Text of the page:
The Repairers

Photo by Sean Dackerman

Photo by Sean Dackerman

Jerry Gebbie (top), 50, and Fred Gebbie, 56, technicians

Roles: As Tom puts it, his older brothers Fred and Jerry are very much like their father.

“They are both very mechanically inclined; it was just very natural for them,” Tom says. “They’re those people that always want to improve, always want to learn new things, and that’s what you really need from technicians.”

Fred and Jerry both considered different career paths at one point but ultimately knew that this was what they wanted to do, Fred says.

“It was really just an automatic,” Fred says.

The brothers share the six-bay shop with one other technician, Nick Fazzolari, who’s been at Gebbie’s for more than 25 years. “He’s basically family like the rest of us,” Fred says.

A benefit of being back on the shop floor with family, Fred says, is the competitiveness of the environment.

“We constantly push each other,” he says. “You can get complacency in some family shops, but that’s not the way we are. We just all want to improve and we want every single job to be fixed the right way. We don’t want to see people ever leave with problems on their car.”

Lessons from a family business: “Trust is the key, the number one,” Fred says. “I think that was our father’s idea with the equal ownership thing. We all trust each other and the decisions we make, and that’s something that every shop should have. We know that decisions are being made with the best interest of the business in mind, and the best interests of each other.”

What’s in a name?

As was the case with many service stations in the 1950s and ’60s, Gebbie’s was always defined as a service station first, not as a repair shop.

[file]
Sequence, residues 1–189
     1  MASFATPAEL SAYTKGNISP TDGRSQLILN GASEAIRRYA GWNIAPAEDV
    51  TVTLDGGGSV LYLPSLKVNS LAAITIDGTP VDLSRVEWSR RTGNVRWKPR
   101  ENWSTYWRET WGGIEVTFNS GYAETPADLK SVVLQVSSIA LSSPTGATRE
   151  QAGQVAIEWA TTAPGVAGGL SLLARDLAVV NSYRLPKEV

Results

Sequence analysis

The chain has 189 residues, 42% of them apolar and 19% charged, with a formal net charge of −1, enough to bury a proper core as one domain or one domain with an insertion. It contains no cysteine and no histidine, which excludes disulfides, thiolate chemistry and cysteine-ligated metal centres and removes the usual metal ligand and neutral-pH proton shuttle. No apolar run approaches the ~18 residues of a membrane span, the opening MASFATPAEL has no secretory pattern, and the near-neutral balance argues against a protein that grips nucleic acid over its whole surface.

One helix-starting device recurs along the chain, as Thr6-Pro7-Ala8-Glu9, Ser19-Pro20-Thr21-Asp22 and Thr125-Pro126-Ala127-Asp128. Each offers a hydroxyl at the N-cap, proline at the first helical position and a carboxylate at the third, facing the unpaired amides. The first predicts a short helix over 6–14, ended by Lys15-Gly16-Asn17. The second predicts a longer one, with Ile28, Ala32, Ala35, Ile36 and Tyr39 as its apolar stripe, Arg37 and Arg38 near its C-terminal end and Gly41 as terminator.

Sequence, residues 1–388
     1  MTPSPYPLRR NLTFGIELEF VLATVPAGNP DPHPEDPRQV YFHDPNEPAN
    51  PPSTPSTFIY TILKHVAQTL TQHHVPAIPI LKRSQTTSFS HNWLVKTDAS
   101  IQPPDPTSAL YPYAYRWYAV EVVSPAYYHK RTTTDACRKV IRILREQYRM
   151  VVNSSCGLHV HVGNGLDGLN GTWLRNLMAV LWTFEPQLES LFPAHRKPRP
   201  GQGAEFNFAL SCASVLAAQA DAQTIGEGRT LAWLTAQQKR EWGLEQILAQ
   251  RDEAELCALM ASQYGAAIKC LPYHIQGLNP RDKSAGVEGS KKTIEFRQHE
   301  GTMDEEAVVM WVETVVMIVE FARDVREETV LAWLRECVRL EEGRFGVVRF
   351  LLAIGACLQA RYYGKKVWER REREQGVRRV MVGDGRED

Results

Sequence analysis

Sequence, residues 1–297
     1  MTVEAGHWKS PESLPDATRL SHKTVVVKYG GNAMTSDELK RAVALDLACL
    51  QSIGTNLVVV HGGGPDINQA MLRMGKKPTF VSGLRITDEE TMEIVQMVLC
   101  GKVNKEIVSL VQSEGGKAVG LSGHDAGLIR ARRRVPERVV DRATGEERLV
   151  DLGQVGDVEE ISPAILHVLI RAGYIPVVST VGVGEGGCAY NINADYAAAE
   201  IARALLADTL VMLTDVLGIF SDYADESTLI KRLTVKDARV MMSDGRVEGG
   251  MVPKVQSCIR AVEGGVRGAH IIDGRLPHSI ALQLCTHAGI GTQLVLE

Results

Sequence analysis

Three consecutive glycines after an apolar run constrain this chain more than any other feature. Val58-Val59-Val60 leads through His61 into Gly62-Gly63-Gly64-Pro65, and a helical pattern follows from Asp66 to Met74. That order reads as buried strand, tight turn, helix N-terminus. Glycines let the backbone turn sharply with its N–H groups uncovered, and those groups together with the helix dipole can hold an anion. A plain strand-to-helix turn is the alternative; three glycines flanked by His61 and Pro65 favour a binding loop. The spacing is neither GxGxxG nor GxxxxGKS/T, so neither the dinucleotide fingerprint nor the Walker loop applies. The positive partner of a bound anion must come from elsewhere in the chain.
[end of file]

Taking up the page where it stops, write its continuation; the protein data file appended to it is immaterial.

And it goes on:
It was first called Gebbie’s Esso, before Esso was bought out by Exxon.

The name didn’t change until the Gebbie siblings took over full time after their father’s passing.

“It used to be that you’d see gas pumps and know that’s where you get your car fixed,” Tom says. “That’s not the case anymore. Now, a gas station is where you get cigarettes or a breakfast sandwich.”

Also, the shop was making a push to improve its Web presence with a new website, (which is currently being updated again), and social media pages. The Gebbies didn’t want “Exxon” all over their new branding.

“It was something we had talked a lot about with our dad, and we actually were putting it in motion before he passed,” Tom says. “We just felt a name change was better for the business.”

So, in 2007, the shop became officially known as Gebbie’s AutoCare.

They changed the sign, they did new direct mail pieces, email marketing and even got some free promotion in the local newspaper.

“We really wanted to emphasize who we were as a family business, and this was a great way to do it,” Tom says.